Saturday, 13 February 2010

Electoral Reform: The rules of the game effect the way in which we play

With the expenses scandal and talk of a hung parliament there is increasingly talk of electoral reform these days. The House of Commons passed a bill promising a referendum on the Alternative Vote on Tuesday, and with a potential hung parliament looming the Lib Dems may have unprecedented power in the next parliament allowing them to push their desire for constitutional reform (specifically for the Single Transferable Vote electoral system).

Basically in AV we would all still live in single member constituencies but we would rank candidates rather than simply voting for just one. Candidates would be elected if they get more than 50% of the vote, if they do not the candidates with the least votes would be eliminated and their votes redistributed until one candidate comes out on top. STV would work rather similarly but the constituencies would be larger (say the size of a county) and multi-member in nature (Ireland, which uses the system, has 3-6 members of parliament per constituency) and therefore the system would probably be proportional in nature.

In order to be helpful in the debate several folk have decided to take a look at what the potential outcomes of electoral reform would be. The BBC for example, has attempted to simulate the last few elections under AV whereas Denis Mollison, a Professor of Mathematics at Heriot-Watt University has attempted to create a suggested constituency map for a STV Britain (the map is worth giving a look as in some instances it better represents people's identities better than current boundaries. For example I, a denizen of Weymouth in Dorset, would be in the 'Dorset' constituency rather than the somewhat sillier 'Dorset South'. It also cuts the number of MPs from nigh 650 to 513, satisfying another desire of reformers). Mollison attempts to simulate the 2005 election. For comparisons sakes here are the 2005 election results and their simulated results according to Mollison and the BBC.




Lib Dem

Vote Percentage




Actual Seat Percentage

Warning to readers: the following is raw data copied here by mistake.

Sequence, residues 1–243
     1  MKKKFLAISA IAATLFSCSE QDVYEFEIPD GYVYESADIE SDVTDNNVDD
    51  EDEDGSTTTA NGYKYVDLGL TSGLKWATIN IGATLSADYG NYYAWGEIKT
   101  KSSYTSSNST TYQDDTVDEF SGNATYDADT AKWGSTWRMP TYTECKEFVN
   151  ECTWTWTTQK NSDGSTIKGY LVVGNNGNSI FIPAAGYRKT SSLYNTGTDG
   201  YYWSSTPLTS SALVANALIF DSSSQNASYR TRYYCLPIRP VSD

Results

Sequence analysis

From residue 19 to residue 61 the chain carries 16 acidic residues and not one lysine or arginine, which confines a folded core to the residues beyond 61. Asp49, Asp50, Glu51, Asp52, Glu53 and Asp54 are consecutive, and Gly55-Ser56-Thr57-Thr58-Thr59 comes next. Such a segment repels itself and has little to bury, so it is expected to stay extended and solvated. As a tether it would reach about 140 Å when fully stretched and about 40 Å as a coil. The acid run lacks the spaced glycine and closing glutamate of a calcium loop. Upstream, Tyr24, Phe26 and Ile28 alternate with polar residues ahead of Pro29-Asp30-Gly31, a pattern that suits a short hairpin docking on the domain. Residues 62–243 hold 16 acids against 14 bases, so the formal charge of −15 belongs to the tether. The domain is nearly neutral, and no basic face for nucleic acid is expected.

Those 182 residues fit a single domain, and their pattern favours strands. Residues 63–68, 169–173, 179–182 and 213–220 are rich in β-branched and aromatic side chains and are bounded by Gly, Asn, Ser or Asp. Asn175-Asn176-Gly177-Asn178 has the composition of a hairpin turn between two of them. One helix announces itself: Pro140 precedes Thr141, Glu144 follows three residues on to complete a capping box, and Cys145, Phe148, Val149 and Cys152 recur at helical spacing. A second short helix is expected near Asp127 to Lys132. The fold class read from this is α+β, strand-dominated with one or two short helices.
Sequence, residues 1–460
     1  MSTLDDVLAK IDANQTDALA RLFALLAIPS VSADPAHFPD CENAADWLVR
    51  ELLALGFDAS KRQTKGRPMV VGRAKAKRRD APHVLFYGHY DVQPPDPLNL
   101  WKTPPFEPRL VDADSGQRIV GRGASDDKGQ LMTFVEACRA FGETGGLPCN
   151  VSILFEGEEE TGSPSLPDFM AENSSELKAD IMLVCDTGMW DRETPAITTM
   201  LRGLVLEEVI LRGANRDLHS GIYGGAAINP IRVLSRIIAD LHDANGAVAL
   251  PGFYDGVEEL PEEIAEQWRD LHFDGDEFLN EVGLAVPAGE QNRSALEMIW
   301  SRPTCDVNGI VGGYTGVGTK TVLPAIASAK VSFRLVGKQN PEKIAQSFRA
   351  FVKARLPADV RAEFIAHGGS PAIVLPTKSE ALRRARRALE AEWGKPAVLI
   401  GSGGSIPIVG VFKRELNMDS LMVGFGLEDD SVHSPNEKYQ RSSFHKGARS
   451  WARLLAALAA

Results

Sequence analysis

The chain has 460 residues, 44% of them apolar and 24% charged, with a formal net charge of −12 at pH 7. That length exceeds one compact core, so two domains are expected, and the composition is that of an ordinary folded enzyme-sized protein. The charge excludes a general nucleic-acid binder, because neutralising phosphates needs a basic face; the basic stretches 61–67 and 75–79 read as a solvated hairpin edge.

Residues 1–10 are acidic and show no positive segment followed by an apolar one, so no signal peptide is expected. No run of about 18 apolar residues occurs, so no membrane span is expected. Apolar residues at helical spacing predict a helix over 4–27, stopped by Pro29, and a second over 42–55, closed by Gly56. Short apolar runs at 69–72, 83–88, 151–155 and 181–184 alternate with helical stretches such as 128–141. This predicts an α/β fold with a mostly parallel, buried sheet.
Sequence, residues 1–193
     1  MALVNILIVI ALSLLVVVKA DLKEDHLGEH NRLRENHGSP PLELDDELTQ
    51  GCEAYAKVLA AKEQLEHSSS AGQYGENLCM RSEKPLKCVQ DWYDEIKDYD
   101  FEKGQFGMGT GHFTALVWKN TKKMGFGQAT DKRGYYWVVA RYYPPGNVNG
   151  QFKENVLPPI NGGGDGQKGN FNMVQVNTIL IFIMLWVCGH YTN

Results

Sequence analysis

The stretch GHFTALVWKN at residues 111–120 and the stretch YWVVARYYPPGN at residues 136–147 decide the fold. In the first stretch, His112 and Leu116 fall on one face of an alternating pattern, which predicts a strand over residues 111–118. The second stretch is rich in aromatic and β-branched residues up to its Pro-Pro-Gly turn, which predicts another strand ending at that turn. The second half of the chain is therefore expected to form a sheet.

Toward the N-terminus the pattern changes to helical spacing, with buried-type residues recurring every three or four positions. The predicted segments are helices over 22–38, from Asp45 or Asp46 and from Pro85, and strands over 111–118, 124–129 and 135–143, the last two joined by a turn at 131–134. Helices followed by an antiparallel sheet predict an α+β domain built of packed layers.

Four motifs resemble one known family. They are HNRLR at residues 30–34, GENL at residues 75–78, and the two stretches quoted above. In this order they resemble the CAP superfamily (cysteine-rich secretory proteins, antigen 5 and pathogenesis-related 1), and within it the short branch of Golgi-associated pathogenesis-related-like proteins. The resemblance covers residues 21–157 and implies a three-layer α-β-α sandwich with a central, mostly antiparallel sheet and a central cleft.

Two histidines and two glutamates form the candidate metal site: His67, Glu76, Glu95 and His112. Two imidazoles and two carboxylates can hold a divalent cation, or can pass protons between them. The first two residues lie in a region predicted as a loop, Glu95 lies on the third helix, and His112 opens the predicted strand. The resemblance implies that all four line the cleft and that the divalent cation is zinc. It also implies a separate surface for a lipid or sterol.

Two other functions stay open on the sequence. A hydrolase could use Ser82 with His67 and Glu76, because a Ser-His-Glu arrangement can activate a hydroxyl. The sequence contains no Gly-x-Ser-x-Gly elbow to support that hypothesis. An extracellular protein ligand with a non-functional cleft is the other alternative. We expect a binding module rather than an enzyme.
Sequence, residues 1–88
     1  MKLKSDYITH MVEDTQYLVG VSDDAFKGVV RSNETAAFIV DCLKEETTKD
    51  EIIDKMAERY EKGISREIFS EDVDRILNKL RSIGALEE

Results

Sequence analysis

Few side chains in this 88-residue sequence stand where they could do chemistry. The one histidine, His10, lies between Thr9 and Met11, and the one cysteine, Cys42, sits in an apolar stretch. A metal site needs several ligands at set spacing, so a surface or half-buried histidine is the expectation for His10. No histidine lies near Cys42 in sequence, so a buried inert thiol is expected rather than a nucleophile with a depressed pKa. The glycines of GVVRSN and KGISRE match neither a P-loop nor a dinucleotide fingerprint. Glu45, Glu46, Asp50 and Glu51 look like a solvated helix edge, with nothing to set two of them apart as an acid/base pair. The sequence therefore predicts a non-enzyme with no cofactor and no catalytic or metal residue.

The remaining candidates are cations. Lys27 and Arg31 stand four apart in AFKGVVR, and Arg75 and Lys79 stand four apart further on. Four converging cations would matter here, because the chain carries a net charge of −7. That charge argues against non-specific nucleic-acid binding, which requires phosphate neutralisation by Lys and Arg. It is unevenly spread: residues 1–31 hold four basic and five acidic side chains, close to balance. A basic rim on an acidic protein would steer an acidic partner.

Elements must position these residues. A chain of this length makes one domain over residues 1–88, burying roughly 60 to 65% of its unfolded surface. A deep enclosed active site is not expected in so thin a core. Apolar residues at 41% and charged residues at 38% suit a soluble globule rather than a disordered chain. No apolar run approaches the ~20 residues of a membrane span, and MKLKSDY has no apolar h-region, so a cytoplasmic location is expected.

Simulated AV Percentage (BBC)




Simulated STV Percentage (Mollison)




Note: Figures are expressed as a percentage of BRITISH votes and seats rather than United Kingdom seats and votes as Mollison did not simulate Northern Irish seats.

However these simulated figures miss a very important point. The institutional rules in effect in British politics effect the way in which we vote. One in five people tactically vote, theoretically under STV and AV there is no need for this. What's more electoral reform will no doubt result in a proliferation of new parties with newfound power and possibilities. Simulating election results under different systems is not practical.

However what we can do is look at a country who went through a similar electoral reform, and fortunately there is one. In 1996 New Zealand switched from First Past The Post to the Additional Member System, a type of proportional representation. At the 1993 election four parties won representation (and two of those held only two seats). At the 1996 election this had become six parties, some of which were genuinely powerful. The rules had changed, and so did the way in which New Zealanders voted as a result.

If voters did not feel they had to tactically vote how many would have voted Lib Dem in 2005? Would more vote Green? UKIP? BNP? Would new parties form? (Say a libertarian party, or an 'Old Labour' socialist party?) Would more independents be elected? The point is that we cannot even begin to predict elections under different electoral systems until the systems are implemented. Elections are like a game, and the electoral system is like the rules of the game. Changing the rules of the game changes the strategies of different players, sometimes in unexpected ways. For example the assumption is that voters will rank candidates sincerely, but in Australia parties regularly make deals and recommend other parties to their electorates for their other preferences. For example in the 1950s a party broke away from the Australian Labor Party called the Democratic Labor Party. The DLP was composed primarily of anti-communist Catholics, who felt that ALP had drifted too far to the left. For twenty years the DLP told its voters to preference Australia's right-wing party, the Liberals, keeping them in power, in an attempt to force the ALP to move closer to the centre. The DLP never won any seats itself in the Australian House of Representatives, but its preferences were enough to keep the ALP out of power. Some electoral reformers dismiss AV as a minor change to the status quo, vaguely worth bothering debating, but if minor parties use it right it could lead to a sea change in the behavior of political parties in Britain.


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